The history of the United States from the period of Reconstruction to the Progressive Era between 1877 and 1900 involved the rise of industrialization within the country which saw an increase in economic growth, enabling the United States to be the world’s economic and industrial super power.
The end of the Civil War in 1865 saw the country moving into a period of reconstruction which would see an end to slavery and the granting of citizenship to immigrants and slaves within the country. The period of Reconstruction in the United States took place between 1863 and 1877 after which the national government seized control of all the states in the southern parts of America.
The political setting during this period was mostly dominated by Republicans and the presidential administration was that of Abraham Lincoln up until his assassination in April 1865. President Lincoln developed plans that would be used to reconstruct the country after the Civil War and also reintegrate the ex-Confederate states into America (Carlisle, 2008).
Lincoln also developed the Thirteenth Amendment which would abolish slavery in America and to help the ex-slaves adapt to their new found freedom, he established the Freedman’s Bureau in March 1965. The bureau would be used to provide employment, educational opportunities and health care to the slaves.
Lincoln’s motives were however opposed by the Republicans who were afraid of the belief in slavery by the ex-Confederate states as well as Confederate nationalism. President Lincoln tried to impose restrictions that would prevent Confederate rebels from voting or holding positions of office within his administration as they would advocate for the reintroduction of slavery into the country.
After President Lincoln’s assassination in April 1865, President Andrew Johnson took over the presidential office until the radical Republicans won the critical election of 1866. The Republicans introduced new constitutional and federal legal protections into the Freedman’s Bureau, most of which would be vetoed after the white southerners regained control over all the Southern states in 1877 (Carlisle, 2008).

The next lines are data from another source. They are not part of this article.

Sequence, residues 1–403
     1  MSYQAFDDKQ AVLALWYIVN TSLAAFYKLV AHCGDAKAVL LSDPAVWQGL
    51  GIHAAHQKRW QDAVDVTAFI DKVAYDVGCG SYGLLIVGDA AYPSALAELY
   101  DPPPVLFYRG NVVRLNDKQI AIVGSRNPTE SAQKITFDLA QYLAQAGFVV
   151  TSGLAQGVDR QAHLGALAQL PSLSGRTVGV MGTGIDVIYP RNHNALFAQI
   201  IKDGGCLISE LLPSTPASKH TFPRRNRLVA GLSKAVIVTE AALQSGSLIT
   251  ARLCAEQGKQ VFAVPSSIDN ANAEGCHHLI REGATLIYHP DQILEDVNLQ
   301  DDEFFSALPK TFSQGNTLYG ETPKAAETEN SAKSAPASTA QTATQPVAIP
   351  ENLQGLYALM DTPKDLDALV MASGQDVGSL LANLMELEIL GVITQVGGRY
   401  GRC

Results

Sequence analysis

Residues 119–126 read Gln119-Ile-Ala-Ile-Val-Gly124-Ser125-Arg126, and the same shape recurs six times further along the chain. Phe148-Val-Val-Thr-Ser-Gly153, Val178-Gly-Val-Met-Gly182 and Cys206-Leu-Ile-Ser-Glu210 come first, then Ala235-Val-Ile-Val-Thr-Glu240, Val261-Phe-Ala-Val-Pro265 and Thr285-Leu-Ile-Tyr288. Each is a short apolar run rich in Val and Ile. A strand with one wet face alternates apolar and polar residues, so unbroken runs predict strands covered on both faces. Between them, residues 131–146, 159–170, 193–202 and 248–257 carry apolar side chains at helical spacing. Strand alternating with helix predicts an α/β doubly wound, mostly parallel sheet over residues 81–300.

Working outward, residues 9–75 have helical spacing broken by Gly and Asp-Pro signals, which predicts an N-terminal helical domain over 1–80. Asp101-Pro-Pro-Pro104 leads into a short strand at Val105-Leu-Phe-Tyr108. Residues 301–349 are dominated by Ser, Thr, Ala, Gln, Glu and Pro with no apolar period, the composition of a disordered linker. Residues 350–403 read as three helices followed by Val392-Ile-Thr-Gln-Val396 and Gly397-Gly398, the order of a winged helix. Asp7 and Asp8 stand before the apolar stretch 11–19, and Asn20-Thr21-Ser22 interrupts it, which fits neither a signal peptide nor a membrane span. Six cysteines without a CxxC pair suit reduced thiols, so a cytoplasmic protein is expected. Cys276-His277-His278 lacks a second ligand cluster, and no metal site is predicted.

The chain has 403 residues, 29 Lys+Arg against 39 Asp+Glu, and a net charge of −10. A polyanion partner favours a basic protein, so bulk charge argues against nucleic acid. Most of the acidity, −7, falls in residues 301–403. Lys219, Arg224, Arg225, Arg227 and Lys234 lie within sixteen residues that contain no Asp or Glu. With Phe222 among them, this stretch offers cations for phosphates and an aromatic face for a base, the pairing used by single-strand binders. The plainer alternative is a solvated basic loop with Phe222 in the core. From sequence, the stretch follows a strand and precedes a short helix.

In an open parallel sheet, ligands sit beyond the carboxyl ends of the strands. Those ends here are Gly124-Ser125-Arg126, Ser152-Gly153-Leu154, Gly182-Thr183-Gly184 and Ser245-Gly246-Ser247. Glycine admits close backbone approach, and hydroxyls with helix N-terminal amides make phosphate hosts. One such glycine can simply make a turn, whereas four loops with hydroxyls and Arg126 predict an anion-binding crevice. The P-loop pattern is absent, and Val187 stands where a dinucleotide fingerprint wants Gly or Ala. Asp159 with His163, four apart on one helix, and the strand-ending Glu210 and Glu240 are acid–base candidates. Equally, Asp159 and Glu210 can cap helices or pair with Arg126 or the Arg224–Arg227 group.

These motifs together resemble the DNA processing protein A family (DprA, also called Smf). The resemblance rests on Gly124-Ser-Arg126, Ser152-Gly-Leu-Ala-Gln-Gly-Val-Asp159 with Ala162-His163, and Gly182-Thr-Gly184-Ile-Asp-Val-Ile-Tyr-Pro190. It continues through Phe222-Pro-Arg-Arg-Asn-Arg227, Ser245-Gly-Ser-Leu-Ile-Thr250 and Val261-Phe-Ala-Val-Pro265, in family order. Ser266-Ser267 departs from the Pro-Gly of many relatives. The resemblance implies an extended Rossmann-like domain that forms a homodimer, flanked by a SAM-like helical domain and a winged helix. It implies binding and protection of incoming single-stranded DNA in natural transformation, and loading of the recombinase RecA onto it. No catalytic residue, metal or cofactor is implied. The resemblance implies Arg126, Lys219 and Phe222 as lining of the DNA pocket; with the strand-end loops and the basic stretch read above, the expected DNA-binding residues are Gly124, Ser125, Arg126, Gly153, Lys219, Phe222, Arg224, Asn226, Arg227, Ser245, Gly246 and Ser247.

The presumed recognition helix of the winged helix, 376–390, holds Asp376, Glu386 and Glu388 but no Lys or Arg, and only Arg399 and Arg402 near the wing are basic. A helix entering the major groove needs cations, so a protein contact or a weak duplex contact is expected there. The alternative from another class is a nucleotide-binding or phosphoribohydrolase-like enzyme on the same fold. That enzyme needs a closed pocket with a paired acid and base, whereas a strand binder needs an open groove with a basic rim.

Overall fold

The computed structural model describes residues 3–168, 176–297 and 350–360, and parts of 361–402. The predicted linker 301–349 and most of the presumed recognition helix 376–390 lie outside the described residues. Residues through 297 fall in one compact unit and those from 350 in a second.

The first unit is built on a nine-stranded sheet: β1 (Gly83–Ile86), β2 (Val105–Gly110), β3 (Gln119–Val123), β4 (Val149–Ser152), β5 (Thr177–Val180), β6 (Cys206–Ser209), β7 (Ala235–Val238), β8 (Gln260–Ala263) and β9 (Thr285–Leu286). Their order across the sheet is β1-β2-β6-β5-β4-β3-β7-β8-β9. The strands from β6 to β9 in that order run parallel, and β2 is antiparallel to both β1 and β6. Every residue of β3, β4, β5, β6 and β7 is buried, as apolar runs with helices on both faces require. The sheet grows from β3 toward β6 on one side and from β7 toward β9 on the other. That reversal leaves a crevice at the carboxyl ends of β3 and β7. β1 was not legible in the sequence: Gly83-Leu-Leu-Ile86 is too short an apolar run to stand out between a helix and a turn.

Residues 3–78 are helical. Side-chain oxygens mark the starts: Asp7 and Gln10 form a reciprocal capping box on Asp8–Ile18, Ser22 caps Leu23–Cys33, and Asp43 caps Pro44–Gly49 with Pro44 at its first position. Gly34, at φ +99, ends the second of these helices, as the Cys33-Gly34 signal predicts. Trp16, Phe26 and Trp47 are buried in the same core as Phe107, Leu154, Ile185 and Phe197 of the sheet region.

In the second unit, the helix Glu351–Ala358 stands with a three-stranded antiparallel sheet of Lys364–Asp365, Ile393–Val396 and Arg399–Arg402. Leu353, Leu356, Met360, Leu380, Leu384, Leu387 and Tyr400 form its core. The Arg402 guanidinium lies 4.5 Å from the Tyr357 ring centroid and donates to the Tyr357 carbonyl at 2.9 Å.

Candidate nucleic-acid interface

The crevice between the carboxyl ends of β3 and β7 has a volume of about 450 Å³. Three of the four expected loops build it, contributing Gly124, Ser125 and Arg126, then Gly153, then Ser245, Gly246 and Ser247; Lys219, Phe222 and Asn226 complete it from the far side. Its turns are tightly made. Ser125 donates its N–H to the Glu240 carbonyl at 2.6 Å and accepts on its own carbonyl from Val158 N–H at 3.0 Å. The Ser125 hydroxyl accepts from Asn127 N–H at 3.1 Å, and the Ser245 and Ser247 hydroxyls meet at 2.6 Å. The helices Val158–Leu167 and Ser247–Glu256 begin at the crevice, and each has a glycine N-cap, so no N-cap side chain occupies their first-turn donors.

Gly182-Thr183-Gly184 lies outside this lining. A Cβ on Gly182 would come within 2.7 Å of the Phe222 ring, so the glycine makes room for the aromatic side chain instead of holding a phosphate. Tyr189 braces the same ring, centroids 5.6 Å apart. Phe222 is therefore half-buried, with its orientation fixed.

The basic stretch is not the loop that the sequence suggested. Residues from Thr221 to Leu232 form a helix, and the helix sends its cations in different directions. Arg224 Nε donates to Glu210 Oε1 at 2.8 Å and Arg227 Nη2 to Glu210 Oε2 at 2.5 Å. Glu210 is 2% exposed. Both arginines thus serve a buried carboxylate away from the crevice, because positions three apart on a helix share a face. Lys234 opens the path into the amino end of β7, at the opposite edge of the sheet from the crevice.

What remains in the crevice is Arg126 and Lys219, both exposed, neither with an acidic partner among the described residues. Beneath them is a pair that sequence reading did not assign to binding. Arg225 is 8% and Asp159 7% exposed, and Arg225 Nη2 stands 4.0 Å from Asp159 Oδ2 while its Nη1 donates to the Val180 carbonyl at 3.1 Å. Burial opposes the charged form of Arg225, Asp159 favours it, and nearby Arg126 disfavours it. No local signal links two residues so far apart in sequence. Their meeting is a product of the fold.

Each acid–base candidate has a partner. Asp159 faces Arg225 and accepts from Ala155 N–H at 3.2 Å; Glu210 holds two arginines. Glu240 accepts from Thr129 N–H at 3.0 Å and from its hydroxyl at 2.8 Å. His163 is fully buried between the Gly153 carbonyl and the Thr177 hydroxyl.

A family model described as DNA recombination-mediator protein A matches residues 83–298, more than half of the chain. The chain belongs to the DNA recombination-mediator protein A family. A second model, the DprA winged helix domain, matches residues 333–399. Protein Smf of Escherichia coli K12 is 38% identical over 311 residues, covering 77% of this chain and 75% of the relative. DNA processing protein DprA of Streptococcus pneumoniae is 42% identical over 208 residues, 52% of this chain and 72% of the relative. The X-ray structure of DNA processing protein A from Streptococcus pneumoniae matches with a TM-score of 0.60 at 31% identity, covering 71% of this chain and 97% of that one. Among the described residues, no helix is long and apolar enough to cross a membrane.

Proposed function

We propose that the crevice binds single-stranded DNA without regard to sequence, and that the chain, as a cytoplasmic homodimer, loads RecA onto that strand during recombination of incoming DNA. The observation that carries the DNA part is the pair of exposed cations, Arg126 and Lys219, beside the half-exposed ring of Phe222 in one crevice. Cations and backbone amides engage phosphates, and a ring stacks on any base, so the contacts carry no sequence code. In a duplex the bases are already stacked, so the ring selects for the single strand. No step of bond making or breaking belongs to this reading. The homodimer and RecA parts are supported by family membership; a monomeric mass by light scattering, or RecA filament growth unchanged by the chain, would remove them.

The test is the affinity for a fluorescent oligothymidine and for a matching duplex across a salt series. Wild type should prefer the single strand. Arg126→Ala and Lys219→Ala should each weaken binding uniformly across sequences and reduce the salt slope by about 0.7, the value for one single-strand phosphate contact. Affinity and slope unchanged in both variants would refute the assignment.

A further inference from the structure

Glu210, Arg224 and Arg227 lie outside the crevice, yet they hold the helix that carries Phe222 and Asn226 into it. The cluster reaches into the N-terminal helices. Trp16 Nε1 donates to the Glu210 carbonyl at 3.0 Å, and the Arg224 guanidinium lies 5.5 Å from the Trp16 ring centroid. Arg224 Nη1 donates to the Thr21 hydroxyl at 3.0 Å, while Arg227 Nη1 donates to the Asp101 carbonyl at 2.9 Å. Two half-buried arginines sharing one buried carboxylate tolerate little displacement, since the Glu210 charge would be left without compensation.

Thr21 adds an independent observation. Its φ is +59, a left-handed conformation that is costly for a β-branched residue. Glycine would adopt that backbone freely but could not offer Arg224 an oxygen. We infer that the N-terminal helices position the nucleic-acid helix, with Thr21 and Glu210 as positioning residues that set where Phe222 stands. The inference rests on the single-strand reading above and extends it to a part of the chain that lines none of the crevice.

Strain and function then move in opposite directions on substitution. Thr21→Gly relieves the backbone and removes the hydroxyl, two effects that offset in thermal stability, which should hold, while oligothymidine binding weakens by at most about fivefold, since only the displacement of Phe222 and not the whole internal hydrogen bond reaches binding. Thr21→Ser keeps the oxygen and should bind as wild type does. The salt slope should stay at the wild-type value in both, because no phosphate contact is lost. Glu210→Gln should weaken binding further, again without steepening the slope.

The presidential win of Republican candidate Rutherford B. Hayes marked the end of the Reconstruction period in America during the year 1877. As part of his presidential campaign, President Hayes vowed to end army control over the remaining three states that were under Republican law.
This promise came true with the end of the Civil War where the Northerners accepted that there was no further threat from the Southern states. The end of Reconstruction also signaled the end of the civil rights and liberties accorded to the African Americans by President Lincoln. Many of the ex-slaves who had migrated to the South after the abolishment of slavery began to experience racism and racially motivated violence (Carlisle, 2008).
The Reconstruction period was mostly marked with a lot of bitterness and anger especially from the white Southerners who wanted to be a Confederate state. A group known as the Solid South was created to protest against the radical Republicans who were now in office. The Solid South mostly voted for Democrats in both the local, state and national elections to show their opposition of Republican rule.
Apart from the opposition from the south, the end of Reconstruction was mostly characterized by corruption scandals and schemes such as the Gould-Fisk gold scheme where two financiers attempted to use the government’s influence to buy all the gold that was available in the country.
This saw a decline in the number of gold stocks that the country held between 1869 and 1877. Another scandal that dogged the Hayes administration was the credit mobilier scandal where the people charged with the construction of the Union Pacific Railroad used their own construction company to build the rail way line.
The US Congress became involved in the scandal when several members of Congress were identified as the major stakeholders of the construction company. These scandals brought to an end the era of Reconstruction within the United States and paved the way for the Gilded Age which came to the fore during the Second Industrial Revolution in the 1880s (Carlisle, 2008).
The major highlights of the Gilded Age included an increase in wealth amongst the American society where various social classes for the rich began to emerge one of which was the Robber Barons. This society was able to dominate the American economy through their established business and family networks.
During the Gilded Age, there were few political issues experienced in the country and even after the presidential election of 1880 that saw Republican James Garfield being elected as president, the political scene in America became very quiet for a long time. Garfield was however shot during the first months of his administration which caused a stir in the political scene but this would later be dealt with once the Vice President, Chester Arthur succeeded him (Calhoun, 2007).